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authorPer Lundberg <per.lundberg@ecraft.com>2017-02-27 20:57:48 (GMT)
committerJan Kotas <jkotas@microsoft.com>2017-02-27 20:57:48 (GMT)
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treefedbbcd6a479866700672eef93df6447f0878e3c /README.md
parentac1dcaef3e9ddb5290b555db2aefca2adfe52419 (diff)
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README.md: More idiomatic Markdown usage (#9799)
- In essence, use backticks where applicable. - Also, changed some incorrect case (`Build.cmd` vs `build.cmd` which is the canonical name; if you have your git repo on a case-sensitive filesystem like I do, this makes a real difference - you can't run it with the incorrect case). - Fixed naming of Git and CMake to use their official capitalization.
Diffstat (limited to 'README.md')
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1 files changed, 16 insertions, 16 deletions
diff --git a/README.md b/README.md
index 98dcb1a..9d9bc8b 100644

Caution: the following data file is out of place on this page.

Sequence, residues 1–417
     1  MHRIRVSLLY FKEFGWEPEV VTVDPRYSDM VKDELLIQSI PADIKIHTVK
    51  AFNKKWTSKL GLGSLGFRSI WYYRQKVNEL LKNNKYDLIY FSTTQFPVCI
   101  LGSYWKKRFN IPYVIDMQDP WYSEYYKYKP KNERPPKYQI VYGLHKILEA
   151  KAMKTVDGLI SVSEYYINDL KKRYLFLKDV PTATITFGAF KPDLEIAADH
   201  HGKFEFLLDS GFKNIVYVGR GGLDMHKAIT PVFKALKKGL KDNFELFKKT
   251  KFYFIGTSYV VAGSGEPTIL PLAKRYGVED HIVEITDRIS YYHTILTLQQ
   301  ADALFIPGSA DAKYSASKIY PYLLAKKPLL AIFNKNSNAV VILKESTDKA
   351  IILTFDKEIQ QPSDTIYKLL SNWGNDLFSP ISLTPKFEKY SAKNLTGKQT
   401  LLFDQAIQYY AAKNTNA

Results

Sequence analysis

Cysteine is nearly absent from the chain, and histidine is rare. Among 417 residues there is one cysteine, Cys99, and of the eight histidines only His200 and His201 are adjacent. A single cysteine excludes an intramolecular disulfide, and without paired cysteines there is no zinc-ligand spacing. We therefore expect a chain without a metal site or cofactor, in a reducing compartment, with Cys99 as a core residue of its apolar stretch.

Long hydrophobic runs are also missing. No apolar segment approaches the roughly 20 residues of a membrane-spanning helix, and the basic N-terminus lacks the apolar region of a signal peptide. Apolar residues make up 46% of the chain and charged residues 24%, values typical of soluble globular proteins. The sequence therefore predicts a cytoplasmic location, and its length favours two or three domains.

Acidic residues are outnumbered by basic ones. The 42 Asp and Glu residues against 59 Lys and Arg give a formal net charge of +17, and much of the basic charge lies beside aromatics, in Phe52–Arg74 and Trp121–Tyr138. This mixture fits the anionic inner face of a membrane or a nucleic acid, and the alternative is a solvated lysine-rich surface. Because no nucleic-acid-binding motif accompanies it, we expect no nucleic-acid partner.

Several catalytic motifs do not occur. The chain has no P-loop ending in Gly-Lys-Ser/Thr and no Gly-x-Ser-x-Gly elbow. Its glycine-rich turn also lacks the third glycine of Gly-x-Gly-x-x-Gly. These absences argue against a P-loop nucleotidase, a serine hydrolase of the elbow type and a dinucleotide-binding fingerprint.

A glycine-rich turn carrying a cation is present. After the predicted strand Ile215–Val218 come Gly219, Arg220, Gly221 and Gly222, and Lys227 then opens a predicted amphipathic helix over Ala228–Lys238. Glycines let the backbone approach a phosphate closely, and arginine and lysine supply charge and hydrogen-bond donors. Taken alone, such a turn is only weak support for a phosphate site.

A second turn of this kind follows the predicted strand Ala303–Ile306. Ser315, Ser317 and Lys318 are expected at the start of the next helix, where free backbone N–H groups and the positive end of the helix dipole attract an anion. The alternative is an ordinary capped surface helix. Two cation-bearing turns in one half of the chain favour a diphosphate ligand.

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@@ -63,30 +63,30 @@ It also contains the source code for the following closely related support packa
## Relationship with the [CoreFX](https://github.com/dotnet/corefx) Repository
-By itself, the Microsoft.NETCore.Runtime.CoreCLR package is actually not enough to do much.
+By itself, the `Microsoft.NETCore.Runtime.CoreCLR` package is actually not enough to do much.
One reason for this is that the CoreCLR package tries to minimize the amount of the class library that it implements.
Only types that have a strong dependency on the internal workings of the runtime are included (e.g,